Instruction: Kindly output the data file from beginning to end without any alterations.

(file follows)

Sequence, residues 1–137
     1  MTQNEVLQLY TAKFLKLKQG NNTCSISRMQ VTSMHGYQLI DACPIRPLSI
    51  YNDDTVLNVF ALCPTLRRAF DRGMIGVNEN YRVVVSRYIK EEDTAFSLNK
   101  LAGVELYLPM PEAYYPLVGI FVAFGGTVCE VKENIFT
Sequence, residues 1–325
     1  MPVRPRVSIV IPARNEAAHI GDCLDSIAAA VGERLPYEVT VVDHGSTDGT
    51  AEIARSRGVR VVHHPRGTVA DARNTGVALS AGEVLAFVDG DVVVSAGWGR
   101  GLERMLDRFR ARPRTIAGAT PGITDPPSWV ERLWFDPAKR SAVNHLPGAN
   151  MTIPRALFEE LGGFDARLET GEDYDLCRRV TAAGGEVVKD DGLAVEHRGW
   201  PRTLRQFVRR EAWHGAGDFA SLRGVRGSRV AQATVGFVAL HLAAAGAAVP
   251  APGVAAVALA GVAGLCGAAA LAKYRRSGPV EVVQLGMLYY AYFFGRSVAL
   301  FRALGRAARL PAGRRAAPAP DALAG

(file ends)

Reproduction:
Sequence, residues 1–137
     1  MTQNEVLQLY TAKFLKLKQG NNTCSISRMQ VTSMHGYQLI DACPIRPLSI
    51  YNDDTVLNVF ALCPTLRRAF DRGMIGVNEN YRVVVSRYIK EEDTAFSLNK
   101  LAGVELYLPM PEAYYPLVGI FVAFGGTVCE VKENIFT
Sequence, residues 1–325
     1  MPVRPRVSIV IPARNEAAHI GDCLDSIAAA VGERLPYEVT VVDHGSTDGT
    51  AEIARSRGVR VVHHPRGTVA DARNTGVALS AGEVLAFVDG DVVVSAGWGR
   101  GLERMLDRFR ARPRTIAGAT PGITDPPSWV ERLWFDPAKR SAVNHLPGAN
   151  MTIPRALFEE LGGFDARLET GEDYDLCRRV TAAGGEVVKD DGLAVEHRGW
   201  PRTLRQFVRR EAWHGAGDFA SLRGVRGSRV AQATVGFVAL HLAAAGAAVP
   251  APGVAAVALA GVAGLCGAAA LAKYRRSGPV EVVQLGMLYY AYFFGRSVAL
   301  FRALGRAARL PAGRRAAPAP DALAG